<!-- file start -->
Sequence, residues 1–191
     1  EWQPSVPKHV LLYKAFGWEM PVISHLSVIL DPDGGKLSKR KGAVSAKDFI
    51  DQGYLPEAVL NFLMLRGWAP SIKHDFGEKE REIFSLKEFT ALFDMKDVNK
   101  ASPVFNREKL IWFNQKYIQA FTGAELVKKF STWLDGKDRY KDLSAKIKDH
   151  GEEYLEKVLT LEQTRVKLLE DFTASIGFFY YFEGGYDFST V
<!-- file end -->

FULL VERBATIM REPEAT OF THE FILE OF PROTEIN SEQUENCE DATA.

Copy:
Sequence, residues 1–191
     1  EWQPSVPKHV LLYKAFGWEM PVISHLSVIL DPDGGKLSKR KGAVSAKDFI
    51  DQGYLPEAVL NFLMLRGWAP SIKHDFGEKE REIFSLKEFT ALFDMKDVNK
   101  ASPVFNREKL IWFNQKYIQA FTGAELVKKF STWLDGKDRY KDLSAKIKDH
   151  GEEYLEKVLT LEQTRVKLLE DFTASIGFFY YFEGGYDFST V